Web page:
Naval officer praised for deployment of Portuguese vaccine

Texas News Today

oirasso – As Portugal moves closer to the goal of completely immunizing 85% of its population with COVID-19 in nine months, Europe and other countries want to know how this was achieved. ..

Most of the credit is given to Major General Enrique Gavia e Mello. Along with his team from three branches of the military, a naval officer was responsible for deploying the vaccine in February – perhaps the biggest moment of tension in Portugal in relation to a pandemic.

Currently, it may take just a few days for counties to reach their target. As of Wednesday, 84% of the total population had been fully vaccinated, according to Our World In data, the highest in the world.

With the increase in shots, the COVID-19 infection rate and viral hospitalizations fell to their lowest levels in nearly 18 months. Portugal could end many of its remaining pandemic restrictions in October. This is a prestigious development for many countries that are still aware of highly infectious delta variants and are lagging behind in implementing their own vaccinations.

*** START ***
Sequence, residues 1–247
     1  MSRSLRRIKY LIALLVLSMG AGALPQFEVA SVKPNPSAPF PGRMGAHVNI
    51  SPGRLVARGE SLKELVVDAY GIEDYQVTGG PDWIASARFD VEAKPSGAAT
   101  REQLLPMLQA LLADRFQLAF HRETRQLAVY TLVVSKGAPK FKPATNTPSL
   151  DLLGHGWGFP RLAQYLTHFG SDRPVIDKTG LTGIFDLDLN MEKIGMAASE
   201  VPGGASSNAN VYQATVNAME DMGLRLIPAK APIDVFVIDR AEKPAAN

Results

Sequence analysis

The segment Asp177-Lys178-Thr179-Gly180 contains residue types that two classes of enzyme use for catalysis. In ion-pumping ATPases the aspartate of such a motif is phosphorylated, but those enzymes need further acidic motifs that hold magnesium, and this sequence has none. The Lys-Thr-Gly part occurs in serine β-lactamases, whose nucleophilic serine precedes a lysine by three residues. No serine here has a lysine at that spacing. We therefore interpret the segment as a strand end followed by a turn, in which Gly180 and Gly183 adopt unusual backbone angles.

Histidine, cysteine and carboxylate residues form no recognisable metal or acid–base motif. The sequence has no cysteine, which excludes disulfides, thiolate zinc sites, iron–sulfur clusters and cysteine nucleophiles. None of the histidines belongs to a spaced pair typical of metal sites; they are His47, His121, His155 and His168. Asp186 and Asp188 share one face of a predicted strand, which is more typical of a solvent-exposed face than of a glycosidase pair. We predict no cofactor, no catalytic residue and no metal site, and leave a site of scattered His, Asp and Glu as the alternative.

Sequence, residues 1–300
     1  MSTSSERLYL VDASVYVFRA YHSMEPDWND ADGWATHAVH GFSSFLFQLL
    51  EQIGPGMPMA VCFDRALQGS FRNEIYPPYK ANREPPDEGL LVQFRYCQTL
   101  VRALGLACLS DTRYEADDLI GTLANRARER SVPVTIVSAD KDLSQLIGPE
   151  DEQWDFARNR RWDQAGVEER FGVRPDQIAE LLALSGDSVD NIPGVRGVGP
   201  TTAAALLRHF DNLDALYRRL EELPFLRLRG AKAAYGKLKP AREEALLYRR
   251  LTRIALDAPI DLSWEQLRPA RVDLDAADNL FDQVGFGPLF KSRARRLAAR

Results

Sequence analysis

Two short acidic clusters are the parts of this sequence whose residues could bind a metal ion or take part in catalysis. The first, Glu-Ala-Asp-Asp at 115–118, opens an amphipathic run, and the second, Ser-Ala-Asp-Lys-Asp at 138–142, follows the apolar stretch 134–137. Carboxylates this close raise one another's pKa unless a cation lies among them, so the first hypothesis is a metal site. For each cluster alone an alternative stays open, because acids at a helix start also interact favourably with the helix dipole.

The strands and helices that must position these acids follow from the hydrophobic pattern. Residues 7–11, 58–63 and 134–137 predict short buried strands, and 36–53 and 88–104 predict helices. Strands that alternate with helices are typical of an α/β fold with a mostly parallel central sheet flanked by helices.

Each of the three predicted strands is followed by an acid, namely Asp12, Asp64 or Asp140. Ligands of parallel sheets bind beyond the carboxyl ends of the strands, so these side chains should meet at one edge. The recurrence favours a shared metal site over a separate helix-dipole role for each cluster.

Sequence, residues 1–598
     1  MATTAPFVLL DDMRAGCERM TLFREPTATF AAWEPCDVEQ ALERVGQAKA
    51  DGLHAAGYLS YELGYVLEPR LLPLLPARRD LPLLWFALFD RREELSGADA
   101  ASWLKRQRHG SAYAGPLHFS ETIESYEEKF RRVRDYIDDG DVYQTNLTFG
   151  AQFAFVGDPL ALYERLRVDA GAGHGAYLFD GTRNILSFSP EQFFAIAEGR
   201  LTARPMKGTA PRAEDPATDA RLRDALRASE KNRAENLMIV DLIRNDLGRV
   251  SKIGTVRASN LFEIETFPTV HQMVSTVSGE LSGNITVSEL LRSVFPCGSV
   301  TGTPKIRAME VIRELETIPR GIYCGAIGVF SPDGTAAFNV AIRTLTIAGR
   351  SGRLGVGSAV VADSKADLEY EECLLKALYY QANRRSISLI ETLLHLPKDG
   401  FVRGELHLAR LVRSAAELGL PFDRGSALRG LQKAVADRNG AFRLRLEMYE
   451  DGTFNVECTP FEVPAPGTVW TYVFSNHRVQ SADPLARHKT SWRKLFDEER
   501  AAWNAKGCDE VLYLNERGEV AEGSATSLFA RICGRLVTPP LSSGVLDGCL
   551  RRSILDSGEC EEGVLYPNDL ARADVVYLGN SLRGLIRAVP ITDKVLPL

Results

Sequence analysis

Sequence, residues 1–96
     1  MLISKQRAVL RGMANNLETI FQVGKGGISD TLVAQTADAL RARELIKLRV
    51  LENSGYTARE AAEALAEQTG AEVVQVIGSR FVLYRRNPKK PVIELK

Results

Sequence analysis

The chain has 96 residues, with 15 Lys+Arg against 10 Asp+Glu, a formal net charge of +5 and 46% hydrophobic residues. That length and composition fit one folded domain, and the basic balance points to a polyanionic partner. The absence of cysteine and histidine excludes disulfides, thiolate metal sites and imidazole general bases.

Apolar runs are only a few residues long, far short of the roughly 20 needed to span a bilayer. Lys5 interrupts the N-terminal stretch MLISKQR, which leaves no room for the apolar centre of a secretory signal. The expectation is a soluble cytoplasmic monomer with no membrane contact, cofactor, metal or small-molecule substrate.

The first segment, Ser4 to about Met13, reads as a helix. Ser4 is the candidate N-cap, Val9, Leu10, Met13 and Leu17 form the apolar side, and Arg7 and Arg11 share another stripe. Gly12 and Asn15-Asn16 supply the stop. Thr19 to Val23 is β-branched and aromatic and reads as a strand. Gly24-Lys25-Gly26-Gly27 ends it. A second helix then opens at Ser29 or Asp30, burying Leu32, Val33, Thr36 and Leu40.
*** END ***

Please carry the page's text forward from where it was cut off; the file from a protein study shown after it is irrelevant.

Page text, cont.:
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Previously unknown outside the military, Gouvi Melo is now a common name in Portugal, with an emphasis on regular appearances on television to answer common concerns about vaccination programmes.

His blue eyes, carefully cut salt and pepper hair, and height of 1.93 m (6 ft 3 in) make it easily recognizable even behind a face mask, and he is often accompanied by people who see him on the street. But I want to thank you. You will be greeted.

“People are very kind,” he says. However, a 60-year-old police officer also quickly claims that he is the “tip of the iceberg” of the operation and many others share the credibility.

Military involvement in the deployment of a COVID-19 vaccine is not uncommon elsewhere, but Portugal has given it a major role.

The Gouvia e Mello team works with health officials, the police and the city council, but military expertise has proven invaluable.

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“People in the military are used to working under stress in an uncertain environment,” he said in his office in the NATO building near Lisbon, which commands the Atlantic landscape. “They are organized, have a good logistics system … and are usually very focused on their mission.”